‘My boyfriend went to jail because he was so angry he went to their car and he ripped it apart and they said he tried to kill them. If you saw these guys they were just old and just wankers. If he wanted to kill them he could have done easily. But after they’d forced us to roll the car he was so furious he tore their car up. He went to jail for a day and then got so much community service. I think he could have killed someone and got less community service.
‘We had a restraining order on these paparazzi and they came on the property and they broke the restraining order and he was angry the whole time because he was trying to look after me. Whenever I went out I’d have to sneak out the driveway and lay on the floor of the car.’
Is being too recognisable a double-edged sword? Is there pleasure in being an icon as well as pain at the lack of freedom? Would she swap?
‘No, I’d rather have both of course.’ She pauses: ‘I’d probably go for freedom. Fame is great and then it gets hard. Like things you used to take for granted you can no longer do. Like if I wanted to make a run to Safora (a beauty supplies shop) I have to know exactly what I want to get and go for it, like a hunting expedition.’
It must be tough being Cher. It must be even tougher being Cher’s boyfriend. Traditionally Cher has dated men who are younger than her, but not always less gothic looking than her. There’s been Val Kilmer, Gene Simmons of Kiss, Bon Jovi Richie Sambora, and biker Tim Medvetz.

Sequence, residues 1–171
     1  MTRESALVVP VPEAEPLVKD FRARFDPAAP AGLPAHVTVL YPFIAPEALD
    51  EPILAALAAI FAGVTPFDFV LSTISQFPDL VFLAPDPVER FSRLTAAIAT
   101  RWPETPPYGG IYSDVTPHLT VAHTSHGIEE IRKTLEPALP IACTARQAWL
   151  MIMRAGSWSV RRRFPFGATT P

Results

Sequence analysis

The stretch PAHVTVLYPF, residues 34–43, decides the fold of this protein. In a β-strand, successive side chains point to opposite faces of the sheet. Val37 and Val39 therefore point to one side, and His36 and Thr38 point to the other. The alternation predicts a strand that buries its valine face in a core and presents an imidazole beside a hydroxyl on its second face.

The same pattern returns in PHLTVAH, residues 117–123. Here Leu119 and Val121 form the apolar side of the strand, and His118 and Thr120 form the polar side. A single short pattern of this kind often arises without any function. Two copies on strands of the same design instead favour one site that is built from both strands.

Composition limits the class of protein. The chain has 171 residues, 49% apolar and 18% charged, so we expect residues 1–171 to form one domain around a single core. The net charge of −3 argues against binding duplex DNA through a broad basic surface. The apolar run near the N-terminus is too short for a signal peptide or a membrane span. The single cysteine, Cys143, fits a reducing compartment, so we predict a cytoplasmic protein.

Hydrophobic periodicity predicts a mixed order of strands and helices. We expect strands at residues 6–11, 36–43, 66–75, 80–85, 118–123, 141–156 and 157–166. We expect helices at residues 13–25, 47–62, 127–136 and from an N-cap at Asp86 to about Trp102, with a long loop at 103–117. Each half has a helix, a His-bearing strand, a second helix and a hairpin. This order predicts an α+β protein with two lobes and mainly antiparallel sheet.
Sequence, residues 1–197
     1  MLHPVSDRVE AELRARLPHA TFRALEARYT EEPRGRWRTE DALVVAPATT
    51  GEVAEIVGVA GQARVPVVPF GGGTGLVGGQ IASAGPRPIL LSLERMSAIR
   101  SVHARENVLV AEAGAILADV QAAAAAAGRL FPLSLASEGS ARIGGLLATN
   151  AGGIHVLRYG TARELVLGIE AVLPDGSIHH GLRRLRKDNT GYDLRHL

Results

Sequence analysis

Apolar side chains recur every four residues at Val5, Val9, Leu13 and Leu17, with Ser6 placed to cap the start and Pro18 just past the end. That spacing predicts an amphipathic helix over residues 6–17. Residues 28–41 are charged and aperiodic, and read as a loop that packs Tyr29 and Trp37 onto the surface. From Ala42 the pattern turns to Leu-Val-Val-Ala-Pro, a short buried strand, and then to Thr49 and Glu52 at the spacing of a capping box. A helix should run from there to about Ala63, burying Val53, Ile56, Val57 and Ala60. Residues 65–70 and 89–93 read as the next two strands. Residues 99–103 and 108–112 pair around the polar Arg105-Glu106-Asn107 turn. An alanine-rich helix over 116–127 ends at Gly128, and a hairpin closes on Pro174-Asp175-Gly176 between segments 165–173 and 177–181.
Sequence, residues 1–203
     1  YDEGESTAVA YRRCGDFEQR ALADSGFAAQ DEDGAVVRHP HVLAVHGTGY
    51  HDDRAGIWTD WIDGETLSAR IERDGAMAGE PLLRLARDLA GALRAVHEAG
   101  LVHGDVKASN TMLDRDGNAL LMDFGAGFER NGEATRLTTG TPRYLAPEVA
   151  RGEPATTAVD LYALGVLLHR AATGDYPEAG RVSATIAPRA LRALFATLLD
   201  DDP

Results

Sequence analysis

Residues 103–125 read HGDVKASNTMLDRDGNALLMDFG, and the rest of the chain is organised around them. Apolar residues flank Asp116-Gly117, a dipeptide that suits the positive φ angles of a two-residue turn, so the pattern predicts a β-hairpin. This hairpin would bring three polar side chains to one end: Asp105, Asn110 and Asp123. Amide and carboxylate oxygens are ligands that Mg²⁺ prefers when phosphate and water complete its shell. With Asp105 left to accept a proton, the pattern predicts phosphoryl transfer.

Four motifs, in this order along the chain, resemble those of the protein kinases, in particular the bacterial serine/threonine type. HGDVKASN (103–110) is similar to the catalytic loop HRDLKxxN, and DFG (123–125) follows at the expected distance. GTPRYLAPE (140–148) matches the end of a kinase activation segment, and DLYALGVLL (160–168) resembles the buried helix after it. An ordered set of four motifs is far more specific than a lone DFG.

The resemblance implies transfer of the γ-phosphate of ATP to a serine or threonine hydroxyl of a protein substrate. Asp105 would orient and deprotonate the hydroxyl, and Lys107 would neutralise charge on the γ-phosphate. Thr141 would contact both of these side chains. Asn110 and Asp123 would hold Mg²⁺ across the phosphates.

Did she find it unsettling that boyfriends didn’t like being Mr Cher? ‘It wasn’t so much unsettling for me. I’ve also had some amazing boyfriends and some really famous ones but it takes a certain kind of man to be able to put up with it. It certainly puts a strain on them. Like Robert for instance. He didn’t buy into go into jail or having people chase him. He’s a private citizen and people were very mean to him. That stuff doesn’t keep you from having relationships it just makes it harder to go for a walk on the beach or something like that. You have to outsmart people and try and just live your life.’
What have the men she’s gone for had in common? She perks up. ‘Actually many of them have had amazing senses of humour and they’ve all been really kind. I love people who are kind and I wouldn’t date anyone who wasn’t, it just wouldn’t work for me.’ Kindness is very underrated. ‘Yes, and it’s a game changer for me. Intelligence is great but I don’t know that it trumps everything. Kindness and an adventurous spirit is what does it.
‘I still like to do dumb things. I like to do kid things. So I like it when the person I’m with wants to ride a paddleboard or go-karting or take a run to Disneyland or go to Hawaii. I like people who are adaptable because I have to pick my moments.’ Meaning if she suddenly finds a break in her schedule she likes to make the most of it.
Does she have a boyfriend now? ‘Er, well, actually, no. I just broke up with someone. Or let me rephrase that. It went to a certain place and I couldn’t see me putting any more time into it so it wasn’t really a break-up. I think relationships have to go in stages and we just couldn’t go to the next stage. We are really good friends but there was no impetus to keep going. Love feels to me like unbelievable fun, and if it’s not unbelievable fun you stop it.’